Since the story involves luxurious imperial lives in ancient China, Xu didn't want his garments to appear too plain and traditional.

He made a bold attempt to change concubine Yang Yuhuan's skirt from white in the play's earlier incarnations to red after she was killed in the show. Yang's body in a long red dress in the touching scene with Emperor Tang had a greater impact on the audience and drove the play to its climax.

"Female ghosts are frequently depicted with long hair in a white dress on the theater stage," Xu explained. "But my understanding is of the concubine as a magnificent beauty who can't be that normal after death."

The show's debut last year was a huge success, receiving wide acclaim not only for its acting but also for the compelling stage scenes and costumes. The protagonists' garments, in the eyes of many loyal Kunqu Opera fans, looked young and innovative.

Shanghai Kunqu Opera House now plans to spend another 800,000 yuan (US$117,890) on making new garments and Xu is engaged in drawing sketches and contacting veteran embroiderers.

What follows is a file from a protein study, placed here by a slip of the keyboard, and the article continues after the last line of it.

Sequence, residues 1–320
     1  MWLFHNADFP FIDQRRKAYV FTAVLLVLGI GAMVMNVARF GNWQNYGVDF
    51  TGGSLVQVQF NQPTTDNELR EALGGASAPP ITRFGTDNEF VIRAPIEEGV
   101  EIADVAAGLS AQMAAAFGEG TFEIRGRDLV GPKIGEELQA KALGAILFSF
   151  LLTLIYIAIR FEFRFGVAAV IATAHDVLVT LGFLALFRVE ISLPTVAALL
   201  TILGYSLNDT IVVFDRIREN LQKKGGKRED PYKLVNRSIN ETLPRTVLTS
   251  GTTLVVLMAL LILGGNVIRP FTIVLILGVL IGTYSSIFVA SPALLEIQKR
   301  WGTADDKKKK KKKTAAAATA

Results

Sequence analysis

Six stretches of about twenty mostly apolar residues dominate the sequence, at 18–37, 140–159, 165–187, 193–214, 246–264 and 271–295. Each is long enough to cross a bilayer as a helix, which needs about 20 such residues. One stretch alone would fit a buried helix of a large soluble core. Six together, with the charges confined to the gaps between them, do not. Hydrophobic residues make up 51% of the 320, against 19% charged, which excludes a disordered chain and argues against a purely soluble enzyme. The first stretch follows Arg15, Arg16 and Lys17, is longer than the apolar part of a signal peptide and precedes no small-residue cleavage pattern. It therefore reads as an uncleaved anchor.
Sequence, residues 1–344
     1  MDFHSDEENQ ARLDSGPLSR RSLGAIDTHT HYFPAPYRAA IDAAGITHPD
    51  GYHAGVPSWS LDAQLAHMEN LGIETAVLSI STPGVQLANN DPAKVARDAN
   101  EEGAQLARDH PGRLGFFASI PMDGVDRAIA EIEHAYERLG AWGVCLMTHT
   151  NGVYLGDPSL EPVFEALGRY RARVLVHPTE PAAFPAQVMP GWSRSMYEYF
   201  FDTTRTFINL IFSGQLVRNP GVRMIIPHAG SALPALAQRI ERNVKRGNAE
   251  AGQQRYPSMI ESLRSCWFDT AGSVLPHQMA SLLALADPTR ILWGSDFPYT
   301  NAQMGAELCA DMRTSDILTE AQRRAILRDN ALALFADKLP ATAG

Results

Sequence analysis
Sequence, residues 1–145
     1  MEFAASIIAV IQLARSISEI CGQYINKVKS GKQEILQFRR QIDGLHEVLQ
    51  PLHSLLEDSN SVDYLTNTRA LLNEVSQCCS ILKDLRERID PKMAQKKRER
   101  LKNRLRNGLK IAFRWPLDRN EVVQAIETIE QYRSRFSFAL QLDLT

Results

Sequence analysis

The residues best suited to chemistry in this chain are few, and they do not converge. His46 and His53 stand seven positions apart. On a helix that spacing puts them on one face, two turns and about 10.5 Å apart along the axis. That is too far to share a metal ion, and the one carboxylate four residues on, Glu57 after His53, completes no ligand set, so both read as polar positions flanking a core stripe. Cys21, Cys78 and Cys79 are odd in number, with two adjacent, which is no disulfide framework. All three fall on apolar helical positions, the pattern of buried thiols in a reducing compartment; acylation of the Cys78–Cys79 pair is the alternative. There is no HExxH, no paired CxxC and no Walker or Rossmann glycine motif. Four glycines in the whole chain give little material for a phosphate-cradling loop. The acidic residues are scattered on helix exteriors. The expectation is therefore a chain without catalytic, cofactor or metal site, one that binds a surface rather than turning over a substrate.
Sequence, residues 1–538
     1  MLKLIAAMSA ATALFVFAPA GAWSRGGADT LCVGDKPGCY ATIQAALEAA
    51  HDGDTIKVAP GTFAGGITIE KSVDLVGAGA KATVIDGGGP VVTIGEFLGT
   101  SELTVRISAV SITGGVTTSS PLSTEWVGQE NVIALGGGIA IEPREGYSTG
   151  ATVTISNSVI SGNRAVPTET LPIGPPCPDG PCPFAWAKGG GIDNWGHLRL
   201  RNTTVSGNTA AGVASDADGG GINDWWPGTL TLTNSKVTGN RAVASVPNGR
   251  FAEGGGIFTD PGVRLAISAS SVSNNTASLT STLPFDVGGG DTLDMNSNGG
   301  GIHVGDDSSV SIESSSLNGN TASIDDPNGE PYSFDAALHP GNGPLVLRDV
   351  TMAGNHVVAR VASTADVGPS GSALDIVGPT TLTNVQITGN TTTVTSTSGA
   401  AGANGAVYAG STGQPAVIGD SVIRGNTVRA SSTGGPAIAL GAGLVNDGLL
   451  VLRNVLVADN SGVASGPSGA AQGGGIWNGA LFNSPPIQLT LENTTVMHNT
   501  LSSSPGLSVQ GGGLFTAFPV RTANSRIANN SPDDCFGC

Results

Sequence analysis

Like much traditional theater, embroidery, a folk art with a history of more than 3,000 years, is also in decline with a decrease in the number of apprentices.

"Suzhou (in Zhejiang Province) is a regional center for embroidery art," Xu said. "It usually takes a veteran embroiderer half a year to finish a complicated imperial robe. It's also very expensive.

"A garment like this costs about 8,000-10,000 yuan. But it's worth it. The garments made with traditional techniques can last more than 100 performances over 20 years."

Xu just makes small adjustments to some of the traditional costume designs. But he modifies aspects to cater for modern tastes, like colors so they are not too heavy or flowery and patterns so they are not too complex.

Xu is optimistic about the future of Kunqu Opera which is recognized by UNESCO as a masterpiece of the oral and intangible heritage of humanity.

"Over past years, we have promoted the art form among all the local colleges," Xu said. "We showed young people not only the singing skills of the opera, but also its behind-the-scenes culture and stories. Many students had unforgettable experiences dressing up in Kunqu Opera costumes which might help them build a deeper connection with the art."

Though Xu's career went in another direction after he gave up singing on stage, he gets a great sense of accomplishment from his second choice opera role. He adamantly believes that the strong future of Kunqu Opera lies not merely in sustaining its unique vocal arrangements, but also its costume and scenery traditions.